There is a lot to digest here. How Pandora works, what are the motivations of the various players, are songwriters being paid fairly?
At the center of this conflict is the consent decree:
Under a “consent decree” issued by the Justice Department in 1941, ASCAP and the other main publishing royalty organization, BMI, which together control about 90% of all commercially available recorded music, are obliged to grant blanket licenses to anyone (mainly radio stations) requesting them. When a fee can’t be agreed, a rate-setting court decides the percentage amount of royalties these license holders pay in exchange.
This arrangement makes it logistically possible for the radio business to exist—a station effectively only needs to deal with two companies, rather than millions of artists, composers, and publishers, to get access to a vast array of music. And songwriters don’t have to spend time worrying about negotiating or policing the licenses for their work.
Unlike old-fashioned radio companies, internet-based services like Pandora are also required to pay separate performance royalties, which go to record companies, and then performing artists. In fact, this is Pandora’s single biggest cost. It paid out 49% of its revenue last year in performance royalties, compared to 4% in publishing royalties, which go to publishing companies, and eventually songwriters.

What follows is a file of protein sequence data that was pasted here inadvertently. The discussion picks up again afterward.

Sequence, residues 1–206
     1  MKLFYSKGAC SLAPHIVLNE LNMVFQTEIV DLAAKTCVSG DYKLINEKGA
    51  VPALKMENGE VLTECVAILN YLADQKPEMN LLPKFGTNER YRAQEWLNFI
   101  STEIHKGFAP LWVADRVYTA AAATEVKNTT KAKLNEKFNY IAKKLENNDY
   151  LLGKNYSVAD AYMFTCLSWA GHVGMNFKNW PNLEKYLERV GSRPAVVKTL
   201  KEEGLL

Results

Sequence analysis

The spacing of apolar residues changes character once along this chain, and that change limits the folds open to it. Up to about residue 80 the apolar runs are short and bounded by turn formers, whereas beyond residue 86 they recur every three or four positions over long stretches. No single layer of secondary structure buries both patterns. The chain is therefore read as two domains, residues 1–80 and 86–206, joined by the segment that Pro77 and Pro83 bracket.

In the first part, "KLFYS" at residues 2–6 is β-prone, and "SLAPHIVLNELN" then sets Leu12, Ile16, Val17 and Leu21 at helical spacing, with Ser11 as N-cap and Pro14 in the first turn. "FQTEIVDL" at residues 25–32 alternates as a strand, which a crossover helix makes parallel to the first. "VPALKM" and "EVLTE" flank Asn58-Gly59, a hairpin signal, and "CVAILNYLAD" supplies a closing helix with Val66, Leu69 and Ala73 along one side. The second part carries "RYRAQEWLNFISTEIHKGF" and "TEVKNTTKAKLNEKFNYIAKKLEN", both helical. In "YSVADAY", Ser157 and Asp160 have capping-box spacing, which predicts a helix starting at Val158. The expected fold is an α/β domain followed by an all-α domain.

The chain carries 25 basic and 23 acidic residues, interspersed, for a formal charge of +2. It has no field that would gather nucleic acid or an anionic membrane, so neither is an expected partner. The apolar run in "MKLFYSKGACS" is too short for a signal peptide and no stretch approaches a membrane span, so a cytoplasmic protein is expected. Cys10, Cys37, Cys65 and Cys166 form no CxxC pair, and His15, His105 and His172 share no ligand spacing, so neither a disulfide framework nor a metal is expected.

Radio has been around for a long time. Pandora is a relative newcomer:
Pandora started its internet radio service in 2005. A five-year, experimental accord agreed with ASCAP that year was one of the factors that allowed it to do so. By 2011, when the company went public, it had amassed 80 million registered users, and was valued at about $2.5 billion.
Since then Pandora’s rise has been meteoric. At last count, the company had more than 200 million registered users (75 million of them were active, or logged in, last month) and accounted for 9% of all radio listening in the US.
The conflict touches on all aspects of the music business. For this all to work, every part of the massive machine needs to get paid including, most importantly, the songwriters who create the music in the first place. A terrific read.